Thursday 29 November 2018

The Wait Is Over - But Not For Brexit!

Alexander "Sascha" Zverev has broken into the elite crop of tennis players, from the emerging Next Generation of stars. Like the rest of the tennis world, LineBall Tennis have been waiting anticipating the "nextgen" star to make his break-through, in the men's game. We categorically believe the wait is over.
Alexander "Sascha" Zverev Winning the ATP Tour Finals on 18-Nov-18: "A Star isBorn"
"Sascha" is often shortend for Alexander in Russian, is still only age 21 and has made his emphatic emergence: by convincingly winning the end-of-year shoot-out of the year's top eight players at Nitto ATP Finals, in the O2 Arena in London. The emergence is clear from a number of standpoints, other than simply that he defeated the world number 3 and number 1 back-to-back in the semi-final and then the final, Roger Federer and Novak Djokovic respectively, in London.

Sascha on Sunday topped-off a progressive year winning the biggest career title to date, and the yougest to win the year-end finale. After that win, there is also the matter that he has finished the year ranking number four in the world for the second consecutive year. Another factor is Sascha's his top-echelon status was rubber-stamped by his idea to hire Ivan Lendl as his coach in August of this year. Another great hall mark of his bust-though emergence is the batch of nextgen players he left in his wake: Thiem, Tsitsipas, Fognini, Khachanov, Medvedev, Dimitrov, Dolgopolov, etc.

LineBall Tennis's principal tennis coach Krishna draws a comparison with a precocious 17-year old who also announced his arrival on the big-stage of tennis, by winning the most prestigious of tennis grand slam titles, Wimbledon. Of course Boris Becker, who is German, same as Sascha's birthplace and Hamburg-upbringing, though of Russian descendency; and a 6-time tennis grand slam champion made that first giant-leap. Some tennis pundits and experts have often debated about the attainment of maturity of players from various parts of the globe. Germans arguably mature faster given the other factors to producing a top national player. Krishna, like his personal idol Boris Becker (see picture below), is excited about Sascha as the future cynosure of tennis.

LineBall Tennis's Krishna with Boris Becker at Fashion Week
Andrew Castle, former British number one tennis player, and these days a TV and LBC-radio broascaster including  tennis commentry at Wimbledon and ATP Finals, also had some comparative insight. Andrew remarked to Krishna, while passing by the Clapham Common public tennis facility where LineBall Tennis operates, that similar to Boris, Sascha is "more arrogant". We all know Boris was "arrogant" or at least in his outward strut and ostentation; interpreted for tennis as confidant, self-assured and with strong mental fortitude. Andrew, having much speculated about "NextGen" players coming of age and a natural and much-anticipated changing of the guard, also remarked "we need the change" in men's top tennis.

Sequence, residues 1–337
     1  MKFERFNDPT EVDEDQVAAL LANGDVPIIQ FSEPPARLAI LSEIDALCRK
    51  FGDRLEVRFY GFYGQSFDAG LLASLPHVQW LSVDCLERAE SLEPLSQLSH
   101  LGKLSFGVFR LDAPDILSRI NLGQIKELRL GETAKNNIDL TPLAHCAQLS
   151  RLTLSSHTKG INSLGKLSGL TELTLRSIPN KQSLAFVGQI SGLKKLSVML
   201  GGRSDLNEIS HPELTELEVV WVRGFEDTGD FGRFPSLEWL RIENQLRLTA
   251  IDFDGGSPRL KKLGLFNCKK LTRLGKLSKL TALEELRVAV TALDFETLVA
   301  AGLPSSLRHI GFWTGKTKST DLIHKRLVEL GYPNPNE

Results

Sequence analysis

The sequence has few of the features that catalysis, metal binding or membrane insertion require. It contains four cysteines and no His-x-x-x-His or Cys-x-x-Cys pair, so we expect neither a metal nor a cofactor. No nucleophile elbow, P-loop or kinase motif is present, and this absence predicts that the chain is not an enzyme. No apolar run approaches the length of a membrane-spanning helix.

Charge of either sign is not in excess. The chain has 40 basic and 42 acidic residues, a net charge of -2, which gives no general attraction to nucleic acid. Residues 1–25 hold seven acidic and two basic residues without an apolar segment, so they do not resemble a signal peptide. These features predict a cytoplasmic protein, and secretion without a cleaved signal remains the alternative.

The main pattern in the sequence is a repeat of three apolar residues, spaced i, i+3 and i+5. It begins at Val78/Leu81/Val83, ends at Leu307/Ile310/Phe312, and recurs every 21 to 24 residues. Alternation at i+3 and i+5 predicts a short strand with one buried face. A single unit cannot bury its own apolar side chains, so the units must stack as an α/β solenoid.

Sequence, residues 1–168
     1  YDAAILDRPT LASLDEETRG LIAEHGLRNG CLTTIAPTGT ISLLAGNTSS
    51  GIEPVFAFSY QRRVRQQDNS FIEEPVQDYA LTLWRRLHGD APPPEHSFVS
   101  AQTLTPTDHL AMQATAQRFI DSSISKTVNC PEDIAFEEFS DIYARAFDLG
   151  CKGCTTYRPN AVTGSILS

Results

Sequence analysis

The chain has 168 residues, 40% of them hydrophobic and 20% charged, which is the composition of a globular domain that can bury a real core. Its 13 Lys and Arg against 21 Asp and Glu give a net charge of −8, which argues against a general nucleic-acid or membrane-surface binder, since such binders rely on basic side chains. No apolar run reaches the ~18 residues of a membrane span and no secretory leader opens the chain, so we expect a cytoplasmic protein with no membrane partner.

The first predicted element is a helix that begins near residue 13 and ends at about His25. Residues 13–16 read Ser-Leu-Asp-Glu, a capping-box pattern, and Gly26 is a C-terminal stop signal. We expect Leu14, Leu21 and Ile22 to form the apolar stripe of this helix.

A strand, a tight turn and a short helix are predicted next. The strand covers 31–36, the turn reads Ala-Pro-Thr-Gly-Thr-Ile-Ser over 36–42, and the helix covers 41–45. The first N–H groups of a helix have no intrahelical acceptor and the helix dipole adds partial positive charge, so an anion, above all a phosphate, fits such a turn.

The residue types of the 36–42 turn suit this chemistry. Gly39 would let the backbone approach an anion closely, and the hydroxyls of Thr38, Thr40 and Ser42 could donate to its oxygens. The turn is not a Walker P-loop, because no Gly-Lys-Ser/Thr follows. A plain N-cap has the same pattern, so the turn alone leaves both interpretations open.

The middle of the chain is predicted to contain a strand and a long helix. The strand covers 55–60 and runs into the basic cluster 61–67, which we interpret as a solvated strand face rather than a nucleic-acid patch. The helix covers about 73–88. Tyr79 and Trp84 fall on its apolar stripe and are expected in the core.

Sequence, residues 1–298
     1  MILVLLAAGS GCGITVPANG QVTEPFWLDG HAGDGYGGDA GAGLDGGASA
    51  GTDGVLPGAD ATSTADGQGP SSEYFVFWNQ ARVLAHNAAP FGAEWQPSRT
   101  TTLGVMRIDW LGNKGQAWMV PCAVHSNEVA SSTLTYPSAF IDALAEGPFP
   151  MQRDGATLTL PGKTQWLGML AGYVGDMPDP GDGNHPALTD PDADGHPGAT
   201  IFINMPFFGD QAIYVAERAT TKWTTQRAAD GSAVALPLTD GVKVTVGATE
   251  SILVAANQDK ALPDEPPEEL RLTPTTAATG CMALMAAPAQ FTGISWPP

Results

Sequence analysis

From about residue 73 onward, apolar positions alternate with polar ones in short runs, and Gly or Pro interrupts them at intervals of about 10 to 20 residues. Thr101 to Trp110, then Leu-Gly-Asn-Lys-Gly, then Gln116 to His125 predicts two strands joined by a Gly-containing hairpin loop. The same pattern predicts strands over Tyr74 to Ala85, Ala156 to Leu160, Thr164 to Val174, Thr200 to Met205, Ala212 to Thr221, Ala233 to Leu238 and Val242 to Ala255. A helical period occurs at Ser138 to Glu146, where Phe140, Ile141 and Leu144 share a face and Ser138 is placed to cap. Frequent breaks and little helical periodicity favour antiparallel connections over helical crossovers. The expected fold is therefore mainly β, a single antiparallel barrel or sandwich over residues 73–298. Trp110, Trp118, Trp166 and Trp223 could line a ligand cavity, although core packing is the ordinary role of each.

Another remarkable aspect of the ATP Finals final versus Roger Federer was an incident where a point-in-play was interrupted at the request of Zverev, towards the crucial end of the second set, Zverev having one the first (oddly only one one match went to three sets the entire week-long finals). The incident resulted in booing and jeers by sections of the crowd at the O2 final. At courtside during winner's prize-giving conversation with commentator Annabel Croft, a former British women's number one player, crowd started prolonged booing. Zvevrev showed his humility by recognising and apologising for halting the play. He explained to the crowd that a ball-boy at the back had dropped the ball, and it had rolled on to the court with the ball-boy rushing onto court to retrieve it; which presumably distracted Zverev attention away from the ball, and subsequently he halted the point. Which is irrefutably in the ATP rules, as Annabel clearly politely asserted to the non-tennis fans in the crowd. Indeed TV-video evidence does show that to be the case.   Even during the enquiry to the circuit-umpire Carlos Ramos for the reason to halt-play, Federer asked the offending ball-boy. The ball-boy is seen nodding. Zverev as the winner was also seen apologising at the net to the vanquished Federer as they shook hands at the end of their match.

Holidays in Maldives was commented as the place of destination in the off-season that Sascha Zverev and friends embark to. He had done so in 2017 as well. LineBall Tennis wish him an enjoyable rest and recuperation, and thank the tennis Gods that the long-wait for a new star is finally over. Yet the wait for United Kingdom to leave the globalist-agenda of the European Union, known as'Brexit', is still prolonging its delivery since June 2016 vote by the British people to leave union of European countries. One doese not expect democracy to be more tenuous than finding a tennis star, as LineBall's activists Twitter comments attest (Picture below).
Tribute to Sascha Zverev from @LineBallTennis on the Day of his Biggest Win